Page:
(define (make-frame origin edge1 edge2)
(list origin edge1 edge2))

(define (make-frame origin edge1 edge2)
(cons origin (cons edge1 edge2)))

We're asked to supply the appropriate selectors to produce an implementation for frames for each of the two constructors. Like any selector implementation, the task here is simply to extract each piece from the assembled object. We'll follow the naming convention from the previous exercise and call our selectors origin-frame, edge1-frame, and edge2-frame. Let's start with the version that uses list.
; 2.47a
(define (make-frame origin edge1 edge2)
(list origin edge1 edge2))

(define (origin-frame frame)
(car frame))

(define (edge1-frame frame)
(car (cdr frame)))

(define (edge2-frame frame)
(car (cdr (cdr frame))))

The selectors simply use the right combinations of car and cdr to extract the appropriate elements from the list. We can test it with some of the same values used in the previous exercise, but we'll need to add an origin vector.
> (define f (make-frame (make-vect 0 0) (make-vect 2 4) (make-vect 3 1)))
> f
((0 . 0) (2 . 4) (3 . 1))
> (origin-frame f)
(0 . 0)
> (edge1-frame f)
(2 . 4)
> (edge2-frame f)
(3 . 1)

Because the internal representation of a frame is different in the second implementation of make-frame, one of the selectors will have to change for the second part of the exercise. The original origin-frame and edge1-frame implementations will still work, but the edge2-frame procedure causes an error if you try to use it.
; 2.47b
(define (make-frame origin edge1 edge2)
(cons origin (cons edge1 edge2)))

(define (edge2-frame frame)
(cdr (cdr frame)))

Run exactly the same test from above to verify that you get the same results (except for the internal structure of the frame in the second step).
> (define f (make-frame (make-vect 0 0) (make-vect 2 4) (make-vect 3 1)))
> f
((0 . 0) (2 . 4) 3 . 1)
> (origin-frame f)
(0 . 0)
> (edge1-frame f)
(2 . 4)
> (edge2-frame f)
(3 . 1)


Exercise 2.48 asks us to define a representation for segments using our vector representation from exercise 2.46 above. We'll need to define the constructor make-segment and the selectors start-segment and end-segment.
(define (make-segment v1 v2)
(cons v1 v2))

(define (start-segment segment)
(car segment))

(define (end-segment segment)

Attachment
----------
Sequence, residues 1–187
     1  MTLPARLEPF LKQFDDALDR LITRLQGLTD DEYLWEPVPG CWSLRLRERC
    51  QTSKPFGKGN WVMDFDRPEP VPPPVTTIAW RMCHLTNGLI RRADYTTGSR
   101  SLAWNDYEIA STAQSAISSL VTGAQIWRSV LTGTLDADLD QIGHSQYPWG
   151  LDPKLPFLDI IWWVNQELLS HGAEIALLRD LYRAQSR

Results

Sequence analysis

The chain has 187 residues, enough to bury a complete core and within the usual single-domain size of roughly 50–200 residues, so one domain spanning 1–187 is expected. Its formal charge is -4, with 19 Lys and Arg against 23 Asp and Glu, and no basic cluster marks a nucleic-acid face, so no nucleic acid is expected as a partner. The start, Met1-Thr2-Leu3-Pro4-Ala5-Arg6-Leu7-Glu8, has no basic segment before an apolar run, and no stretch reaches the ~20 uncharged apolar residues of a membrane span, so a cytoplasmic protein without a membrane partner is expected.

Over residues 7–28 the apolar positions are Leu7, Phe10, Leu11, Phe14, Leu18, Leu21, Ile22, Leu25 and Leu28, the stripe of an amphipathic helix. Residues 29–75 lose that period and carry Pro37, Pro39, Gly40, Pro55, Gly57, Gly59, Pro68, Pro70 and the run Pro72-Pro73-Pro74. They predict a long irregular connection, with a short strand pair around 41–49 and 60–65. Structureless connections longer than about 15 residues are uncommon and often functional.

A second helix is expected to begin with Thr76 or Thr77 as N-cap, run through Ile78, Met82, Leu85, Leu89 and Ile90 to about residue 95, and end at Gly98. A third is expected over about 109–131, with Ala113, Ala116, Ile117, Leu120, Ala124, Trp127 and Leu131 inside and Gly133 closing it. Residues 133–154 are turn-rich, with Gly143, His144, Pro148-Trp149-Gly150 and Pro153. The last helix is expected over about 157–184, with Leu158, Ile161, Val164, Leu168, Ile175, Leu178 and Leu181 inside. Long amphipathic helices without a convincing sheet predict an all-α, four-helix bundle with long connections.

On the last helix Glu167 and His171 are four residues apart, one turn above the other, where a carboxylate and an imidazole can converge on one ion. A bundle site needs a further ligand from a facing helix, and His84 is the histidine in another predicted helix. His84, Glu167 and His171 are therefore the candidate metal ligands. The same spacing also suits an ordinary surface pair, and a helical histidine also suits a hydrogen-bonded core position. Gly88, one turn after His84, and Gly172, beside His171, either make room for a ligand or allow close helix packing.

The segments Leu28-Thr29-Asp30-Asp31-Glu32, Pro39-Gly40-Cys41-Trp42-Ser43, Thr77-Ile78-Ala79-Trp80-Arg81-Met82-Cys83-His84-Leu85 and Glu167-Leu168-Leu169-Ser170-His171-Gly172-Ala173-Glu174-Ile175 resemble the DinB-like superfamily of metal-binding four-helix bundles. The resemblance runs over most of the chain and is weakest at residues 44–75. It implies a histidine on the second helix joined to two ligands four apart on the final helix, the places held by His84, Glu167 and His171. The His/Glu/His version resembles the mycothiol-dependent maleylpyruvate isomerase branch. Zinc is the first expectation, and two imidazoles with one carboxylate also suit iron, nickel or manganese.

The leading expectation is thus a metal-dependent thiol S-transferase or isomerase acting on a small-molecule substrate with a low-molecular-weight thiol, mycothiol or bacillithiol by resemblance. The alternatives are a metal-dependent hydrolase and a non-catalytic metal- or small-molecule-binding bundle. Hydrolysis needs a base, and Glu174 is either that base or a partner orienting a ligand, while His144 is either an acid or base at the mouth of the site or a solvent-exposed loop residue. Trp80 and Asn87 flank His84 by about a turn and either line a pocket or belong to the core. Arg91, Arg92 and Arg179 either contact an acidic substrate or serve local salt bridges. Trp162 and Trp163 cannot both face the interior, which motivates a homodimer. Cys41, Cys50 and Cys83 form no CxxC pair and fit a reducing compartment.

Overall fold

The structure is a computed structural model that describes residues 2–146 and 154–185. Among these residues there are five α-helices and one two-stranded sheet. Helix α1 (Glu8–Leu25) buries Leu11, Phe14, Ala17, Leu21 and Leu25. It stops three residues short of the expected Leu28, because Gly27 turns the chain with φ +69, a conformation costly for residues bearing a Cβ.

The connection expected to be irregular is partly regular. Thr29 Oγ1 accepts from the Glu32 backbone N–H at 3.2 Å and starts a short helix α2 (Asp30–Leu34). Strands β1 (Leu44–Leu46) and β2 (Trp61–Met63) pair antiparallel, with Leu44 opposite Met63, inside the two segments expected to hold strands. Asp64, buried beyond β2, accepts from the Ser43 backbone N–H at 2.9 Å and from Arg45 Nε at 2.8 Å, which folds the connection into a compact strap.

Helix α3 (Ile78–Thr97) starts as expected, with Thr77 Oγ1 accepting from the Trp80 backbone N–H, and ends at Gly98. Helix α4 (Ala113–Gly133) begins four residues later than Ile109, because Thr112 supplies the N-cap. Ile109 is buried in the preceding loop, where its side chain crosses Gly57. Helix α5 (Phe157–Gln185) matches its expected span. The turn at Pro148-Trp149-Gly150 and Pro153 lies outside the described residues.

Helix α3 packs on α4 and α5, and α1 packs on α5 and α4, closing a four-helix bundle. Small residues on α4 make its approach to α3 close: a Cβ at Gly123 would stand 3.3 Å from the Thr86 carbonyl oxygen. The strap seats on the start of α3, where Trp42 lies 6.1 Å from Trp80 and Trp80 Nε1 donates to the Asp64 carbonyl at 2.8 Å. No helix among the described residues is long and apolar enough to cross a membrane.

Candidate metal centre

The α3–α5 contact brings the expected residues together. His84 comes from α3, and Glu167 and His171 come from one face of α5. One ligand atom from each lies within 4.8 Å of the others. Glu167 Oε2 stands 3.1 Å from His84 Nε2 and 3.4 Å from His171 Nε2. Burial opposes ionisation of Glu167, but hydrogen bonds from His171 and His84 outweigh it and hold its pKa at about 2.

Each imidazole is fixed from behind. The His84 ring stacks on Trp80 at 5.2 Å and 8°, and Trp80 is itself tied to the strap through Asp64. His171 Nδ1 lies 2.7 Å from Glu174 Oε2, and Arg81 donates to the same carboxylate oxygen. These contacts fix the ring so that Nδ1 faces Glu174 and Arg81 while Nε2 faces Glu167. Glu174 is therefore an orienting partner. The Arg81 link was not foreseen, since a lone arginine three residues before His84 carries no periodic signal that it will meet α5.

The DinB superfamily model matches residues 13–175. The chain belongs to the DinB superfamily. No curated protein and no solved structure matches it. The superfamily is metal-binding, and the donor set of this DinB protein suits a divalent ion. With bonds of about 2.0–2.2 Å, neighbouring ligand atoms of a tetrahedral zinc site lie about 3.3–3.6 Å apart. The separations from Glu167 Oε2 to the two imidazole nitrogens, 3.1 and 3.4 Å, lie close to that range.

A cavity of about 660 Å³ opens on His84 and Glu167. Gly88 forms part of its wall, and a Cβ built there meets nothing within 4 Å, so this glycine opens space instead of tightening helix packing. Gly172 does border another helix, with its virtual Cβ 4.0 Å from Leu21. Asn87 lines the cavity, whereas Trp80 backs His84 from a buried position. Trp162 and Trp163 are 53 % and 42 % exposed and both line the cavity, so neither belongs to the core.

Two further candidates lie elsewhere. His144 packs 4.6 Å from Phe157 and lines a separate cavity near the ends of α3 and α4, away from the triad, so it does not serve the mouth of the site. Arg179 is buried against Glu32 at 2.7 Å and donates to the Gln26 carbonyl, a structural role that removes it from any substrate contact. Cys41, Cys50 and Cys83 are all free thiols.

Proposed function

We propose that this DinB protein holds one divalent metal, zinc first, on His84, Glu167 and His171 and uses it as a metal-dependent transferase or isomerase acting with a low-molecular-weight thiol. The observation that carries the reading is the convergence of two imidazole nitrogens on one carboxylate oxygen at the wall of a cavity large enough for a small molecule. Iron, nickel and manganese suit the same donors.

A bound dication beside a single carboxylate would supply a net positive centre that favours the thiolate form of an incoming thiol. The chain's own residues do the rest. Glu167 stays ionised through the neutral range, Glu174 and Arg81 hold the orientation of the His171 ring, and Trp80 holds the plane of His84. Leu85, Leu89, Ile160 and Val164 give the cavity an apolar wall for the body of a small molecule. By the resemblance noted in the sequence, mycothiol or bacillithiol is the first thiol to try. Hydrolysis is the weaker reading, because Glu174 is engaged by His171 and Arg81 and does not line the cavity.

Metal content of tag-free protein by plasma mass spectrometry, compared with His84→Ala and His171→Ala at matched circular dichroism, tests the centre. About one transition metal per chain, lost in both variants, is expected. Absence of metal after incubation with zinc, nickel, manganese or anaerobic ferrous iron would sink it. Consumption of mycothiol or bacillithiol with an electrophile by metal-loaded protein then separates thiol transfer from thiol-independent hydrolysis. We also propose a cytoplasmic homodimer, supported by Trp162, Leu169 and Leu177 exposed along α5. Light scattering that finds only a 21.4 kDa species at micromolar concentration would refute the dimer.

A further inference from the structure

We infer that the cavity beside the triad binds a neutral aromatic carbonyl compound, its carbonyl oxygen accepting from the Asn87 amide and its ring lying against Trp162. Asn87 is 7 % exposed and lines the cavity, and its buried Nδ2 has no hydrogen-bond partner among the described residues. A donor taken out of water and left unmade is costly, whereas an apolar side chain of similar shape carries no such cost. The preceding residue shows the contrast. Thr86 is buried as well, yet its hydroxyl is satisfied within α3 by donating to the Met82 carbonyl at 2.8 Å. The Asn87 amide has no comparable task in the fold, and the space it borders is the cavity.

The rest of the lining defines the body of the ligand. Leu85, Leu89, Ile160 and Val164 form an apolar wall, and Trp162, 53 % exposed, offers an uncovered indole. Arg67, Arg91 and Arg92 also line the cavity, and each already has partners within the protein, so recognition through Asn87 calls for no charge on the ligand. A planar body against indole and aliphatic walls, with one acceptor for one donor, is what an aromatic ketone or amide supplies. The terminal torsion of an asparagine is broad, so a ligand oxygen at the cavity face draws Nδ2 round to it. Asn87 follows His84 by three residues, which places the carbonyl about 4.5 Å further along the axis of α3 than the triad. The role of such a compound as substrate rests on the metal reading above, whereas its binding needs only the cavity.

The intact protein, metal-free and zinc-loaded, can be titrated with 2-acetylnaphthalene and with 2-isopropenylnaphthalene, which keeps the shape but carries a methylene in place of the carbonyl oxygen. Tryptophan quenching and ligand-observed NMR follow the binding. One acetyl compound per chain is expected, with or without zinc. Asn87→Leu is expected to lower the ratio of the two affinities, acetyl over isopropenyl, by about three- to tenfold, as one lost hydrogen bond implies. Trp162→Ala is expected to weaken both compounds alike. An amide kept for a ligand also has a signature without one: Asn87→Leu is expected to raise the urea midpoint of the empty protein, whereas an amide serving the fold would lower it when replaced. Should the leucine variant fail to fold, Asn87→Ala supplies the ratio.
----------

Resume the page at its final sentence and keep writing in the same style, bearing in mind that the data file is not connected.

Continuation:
(cdr segment))

Again, these use the same pattern we've seen before. In the next exercise, we'll take a closer look at the procedures above by drawing pictures with line segments using The SICP Picture Language package.


Related:

For links to all of the SICP lecture notes and exercises that I've done so far, see The SICP Challenge.

Saturday, August 20, 2011

SICP 2.44 & 2.45: A Picture Language

From SICP section 2.2.4 Example: A Picture Language

The next section of SICP is an extended example that illustrates the features of the picture language introduced in SICP Lecture 3A: Henderson Escher Example. I'm going to be using the PLT Scheme SICP Picture Language package to run the examples and exercises. You can load the picture package by putting the following (require...) expression at the beginning of your Scheme file.
(require (planet "sicp.ss" ("soegaard" "sicp.plt" 2 1)))


The painter primitive in the PLT package behaves slightly differently than the one presented in the text, in that it doesn't display itself. To display a painter you must call the paint procedure, which takes a painter as its argument.
> (paint einstein)



> (paint diagonal-shading)

The einstein and diagonal-shading painter values are built in to the PLT Scheme Picture Language package. The package also includes procedures for flipping, rotating and combining painter values, similar to those discussed in the lecture.
> (paint (flip-horiz einstein))



> (paint (flip-vert einstein))


> (paint (rotate90 einstein))


> (paint (beside einstein einstein))


> (paint (below einstein einstein))

Now that we can work with painters, we can start to combine them in ways that form patterns. For example, the text shows us how we can combine an image beside a flipped representation of itself, then draw the resulting painter below itself.
(define (flipped-pairs painter)

(let ((painter2 (beside painter (flip-vert painter))))
(below painter2 painter2)))

> (paint (flipped-pairs einstein))


We can also define recursive operations, like right-split, which makes painters split and branch towards the right as many times as we specify.
(define (right-split painter n)

(if (= n 0)
painter
(let ((smaller (right-split painter (- n 1))))
(beside painter (below smaller smaller)))))

> (paint (right-split einstein 3))


Exercise 2.44 asks us to define the procedure up-split. It's similar to right-split, except that it switches the roles of below and beside.
(define (up-split painter n)

(if (= n 0)
painter
(let ((smaller (up-split painter (- n 1))))
(below painter (beside smaller smaller)))))

> (paint (up-split einstein 3))


Once we have both right-split and up-split defined, we can create balanced patterns by branching in both directions.
(define (corner-split painter n)

(if (= n 0)
painter
(let ((up (up-split painter (- n 1)))
(right (right-split painter (- n 1))))
(let ((top-left (beside up up))
(bottom-right (below right right))
(corner (corner-split painter (- n 1))))
(beside (below painter top-left)
(below bottom-right corner))))))

> (paint (corner-split einstein 1))



> (paint (corner-split einstein 2))

By combining four copies of the corner-split pattern, we can create the square-limit pattern from the Escher drawing that we saw in the lecture.